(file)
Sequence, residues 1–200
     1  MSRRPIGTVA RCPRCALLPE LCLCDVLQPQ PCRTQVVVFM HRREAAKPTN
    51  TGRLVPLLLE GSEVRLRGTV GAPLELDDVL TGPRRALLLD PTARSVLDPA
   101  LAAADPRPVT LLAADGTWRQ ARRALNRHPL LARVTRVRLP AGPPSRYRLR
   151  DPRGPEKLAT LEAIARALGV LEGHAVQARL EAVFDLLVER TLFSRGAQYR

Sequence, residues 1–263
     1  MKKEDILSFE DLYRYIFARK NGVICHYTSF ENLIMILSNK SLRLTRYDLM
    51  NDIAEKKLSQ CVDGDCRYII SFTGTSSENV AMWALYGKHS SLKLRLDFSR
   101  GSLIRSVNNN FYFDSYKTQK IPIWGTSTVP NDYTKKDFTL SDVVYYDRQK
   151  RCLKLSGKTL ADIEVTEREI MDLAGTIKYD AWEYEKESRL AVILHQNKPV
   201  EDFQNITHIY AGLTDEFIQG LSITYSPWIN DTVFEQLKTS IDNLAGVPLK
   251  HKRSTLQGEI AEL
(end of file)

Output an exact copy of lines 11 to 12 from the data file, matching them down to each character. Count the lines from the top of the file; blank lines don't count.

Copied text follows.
   201  EDFQNITHIY AGLTDEFIQG LSITYSPWIN DTVFEQLKTS IDNLAGVPLK
   251  HKRSTLQGEI AEL